Meet the newest health risk: loneliness

Add a new item to the list of things that are bad for your health: Loneliness. Research has repeatedly linked loneliness to high blood pressure, poor sleep quality, and even dementia.

But while well-known treatments exist for other health risks like obesity and smoking, the best way to treat loneliness isn't as clear. Is it simply a matter of giving a lonely person more chances to socialize? Do they need help developing social skills?

"If we know that loneliness is involved in health problems, the next question is what can we do to mitigate it," John Cacioppo, a professor of psychology at University of Chicago Medicine, said.

Seeking an answer, Cacioppo teamed up with Christopher Masi, assistant professor of medicine at UChicago Medicine. Together, they reviewed hundreds of studies on the effectiveness of various treatments conducted between 1970 and 2009. By analyzing the findings and data, the team arrived at some very interesting — and unexpected — conclusions.

Approaches that focused on improving subjects' social skills or increasing their opportunities to socialize produced only subtle improvements, at best. However, treating what the authors call "maladaptive social cognition" produced much more positive results.

In a sense, "maladaptive social cognition" is simply a clinical term for social awkwardness. "Lonely people have incorrect assumptions about themselves and about how other people perceive them," Masi said.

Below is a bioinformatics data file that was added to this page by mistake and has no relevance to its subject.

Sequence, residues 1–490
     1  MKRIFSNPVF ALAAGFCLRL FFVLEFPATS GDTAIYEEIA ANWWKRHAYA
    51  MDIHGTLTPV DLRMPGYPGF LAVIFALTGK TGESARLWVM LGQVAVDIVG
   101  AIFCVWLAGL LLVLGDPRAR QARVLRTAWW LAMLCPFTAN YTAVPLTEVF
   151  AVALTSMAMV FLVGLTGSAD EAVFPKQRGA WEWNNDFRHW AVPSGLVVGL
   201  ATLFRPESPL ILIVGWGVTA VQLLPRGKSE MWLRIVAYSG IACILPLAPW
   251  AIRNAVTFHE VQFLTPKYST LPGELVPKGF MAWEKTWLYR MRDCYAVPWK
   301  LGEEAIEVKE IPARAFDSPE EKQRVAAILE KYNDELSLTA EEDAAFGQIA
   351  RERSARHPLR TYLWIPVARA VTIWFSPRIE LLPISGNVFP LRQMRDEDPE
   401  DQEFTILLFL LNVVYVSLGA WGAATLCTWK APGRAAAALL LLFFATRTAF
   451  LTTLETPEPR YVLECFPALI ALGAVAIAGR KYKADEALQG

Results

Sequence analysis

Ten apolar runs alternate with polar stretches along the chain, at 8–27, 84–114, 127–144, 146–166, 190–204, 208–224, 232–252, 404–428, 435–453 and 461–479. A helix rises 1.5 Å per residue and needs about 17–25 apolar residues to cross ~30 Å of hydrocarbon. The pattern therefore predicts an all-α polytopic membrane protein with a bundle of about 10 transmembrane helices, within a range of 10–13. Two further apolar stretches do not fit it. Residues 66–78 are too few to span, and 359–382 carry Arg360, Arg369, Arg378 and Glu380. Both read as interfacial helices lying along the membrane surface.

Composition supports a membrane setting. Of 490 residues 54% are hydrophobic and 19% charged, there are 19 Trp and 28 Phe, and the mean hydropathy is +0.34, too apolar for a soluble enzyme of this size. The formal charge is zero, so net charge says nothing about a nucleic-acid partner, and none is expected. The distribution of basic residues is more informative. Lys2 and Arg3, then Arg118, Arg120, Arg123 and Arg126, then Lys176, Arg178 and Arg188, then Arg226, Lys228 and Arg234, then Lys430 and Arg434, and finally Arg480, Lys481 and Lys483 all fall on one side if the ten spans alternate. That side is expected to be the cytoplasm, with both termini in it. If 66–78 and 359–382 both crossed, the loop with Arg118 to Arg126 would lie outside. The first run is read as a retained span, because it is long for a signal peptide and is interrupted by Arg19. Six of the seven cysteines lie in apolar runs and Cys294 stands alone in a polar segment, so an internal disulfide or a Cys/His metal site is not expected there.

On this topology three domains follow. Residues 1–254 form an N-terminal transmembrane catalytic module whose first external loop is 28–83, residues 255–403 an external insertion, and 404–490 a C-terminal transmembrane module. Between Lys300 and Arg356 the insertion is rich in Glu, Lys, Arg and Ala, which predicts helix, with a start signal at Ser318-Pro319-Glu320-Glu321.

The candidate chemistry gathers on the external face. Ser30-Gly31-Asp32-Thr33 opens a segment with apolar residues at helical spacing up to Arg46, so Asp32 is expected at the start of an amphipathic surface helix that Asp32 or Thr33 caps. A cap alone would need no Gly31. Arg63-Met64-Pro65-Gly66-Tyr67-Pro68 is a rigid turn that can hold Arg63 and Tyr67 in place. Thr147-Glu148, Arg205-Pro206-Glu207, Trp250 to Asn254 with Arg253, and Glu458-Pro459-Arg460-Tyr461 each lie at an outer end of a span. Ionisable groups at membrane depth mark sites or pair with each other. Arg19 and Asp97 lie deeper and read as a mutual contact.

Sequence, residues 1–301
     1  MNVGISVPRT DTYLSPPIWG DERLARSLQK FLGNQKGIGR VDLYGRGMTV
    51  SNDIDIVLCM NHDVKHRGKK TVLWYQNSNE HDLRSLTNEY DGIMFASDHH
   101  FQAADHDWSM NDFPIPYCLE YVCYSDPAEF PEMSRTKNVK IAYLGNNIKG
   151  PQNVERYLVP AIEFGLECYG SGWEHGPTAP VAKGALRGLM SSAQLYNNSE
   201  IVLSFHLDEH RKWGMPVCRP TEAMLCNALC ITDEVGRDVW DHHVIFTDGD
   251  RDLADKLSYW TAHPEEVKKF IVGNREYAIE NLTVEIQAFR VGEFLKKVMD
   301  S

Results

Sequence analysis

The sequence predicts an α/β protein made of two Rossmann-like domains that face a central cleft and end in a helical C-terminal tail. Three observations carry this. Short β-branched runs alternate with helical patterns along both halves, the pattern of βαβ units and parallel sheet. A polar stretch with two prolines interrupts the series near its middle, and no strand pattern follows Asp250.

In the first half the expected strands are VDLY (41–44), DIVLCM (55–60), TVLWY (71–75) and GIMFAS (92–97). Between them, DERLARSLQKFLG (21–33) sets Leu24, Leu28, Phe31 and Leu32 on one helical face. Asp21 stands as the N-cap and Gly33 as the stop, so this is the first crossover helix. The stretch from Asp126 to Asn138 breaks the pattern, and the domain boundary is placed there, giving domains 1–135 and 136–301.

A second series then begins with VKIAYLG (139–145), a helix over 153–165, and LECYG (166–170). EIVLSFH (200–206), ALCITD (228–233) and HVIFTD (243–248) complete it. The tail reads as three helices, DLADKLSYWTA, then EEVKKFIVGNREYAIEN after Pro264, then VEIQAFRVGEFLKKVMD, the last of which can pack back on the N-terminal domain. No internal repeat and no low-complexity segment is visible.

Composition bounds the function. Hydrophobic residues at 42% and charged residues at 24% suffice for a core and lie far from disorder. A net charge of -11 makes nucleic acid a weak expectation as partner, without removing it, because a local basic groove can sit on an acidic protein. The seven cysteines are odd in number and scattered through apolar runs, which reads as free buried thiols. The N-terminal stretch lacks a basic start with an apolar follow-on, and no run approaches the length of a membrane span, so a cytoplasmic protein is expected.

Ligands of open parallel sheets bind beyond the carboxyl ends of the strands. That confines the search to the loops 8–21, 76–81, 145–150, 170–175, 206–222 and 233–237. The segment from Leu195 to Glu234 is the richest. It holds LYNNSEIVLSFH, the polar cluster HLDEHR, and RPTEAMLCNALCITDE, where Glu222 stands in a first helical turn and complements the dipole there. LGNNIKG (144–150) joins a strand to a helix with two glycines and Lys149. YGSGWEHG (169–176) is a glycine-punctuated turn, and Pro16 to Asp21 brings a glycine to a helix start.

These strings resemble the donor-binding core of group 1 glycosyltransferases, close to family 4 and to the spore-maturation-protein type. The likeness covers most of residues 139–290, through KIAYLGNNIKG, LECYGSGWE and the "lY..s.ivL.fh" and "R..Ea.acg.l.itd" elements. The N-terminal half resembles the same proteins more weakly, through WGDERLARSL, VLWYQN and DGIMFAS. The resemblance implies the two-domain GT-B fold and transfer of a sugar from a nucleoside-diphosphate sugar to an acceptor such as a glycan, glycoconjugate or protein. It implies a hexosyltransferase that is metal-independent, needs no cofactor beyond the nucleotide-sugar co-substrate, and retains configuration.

Addressing incorrect assumptions about oneself, it turns out, might just be the best way to reduce loneliness.

The key to helping lonely people boils down to helping them approach social situations with a more positive attitude. The researchers recommend exercises designed to break unhealthy thought patterns and, in some cases, cognitive-behavioral therapy.

If we know that loneliness is involved in health problems, the next question is what can we do to mitigate it.

For their next step, Cacioppo and Masi hope to design standard approaches to measuring and treating loneliness, methods that might be useful for both psychologists and primary care physicians. Different interventions can also be designed for people with minor or severe loneliness, Cacioppo suggested. But all such designs would do well to focus on social cognition above other tools to reduce the health hazard of loneliness.

"Effective interventions are not so much about providing others with whom people can interact, providing social support, or teaching social skills as it is about changing how people who feel lonely perceive, think about, and act toward other people," Cacioppo said.

Masi CM, Chen HY, Hawkley LC, & Cacioppo JT (2010). A Meta-Analysis of Interventions to Reduce Loneliness. Personality and social psychology review : an official journal of the Society for Personality and Social Psychology, Inc PMID: 20716644

Rob Mitchum
Rob Mitchum

Rob Mitchum is communications manager at the Computation Institute, a joint initiative between the University of Chicago and Argonne National Laboratory.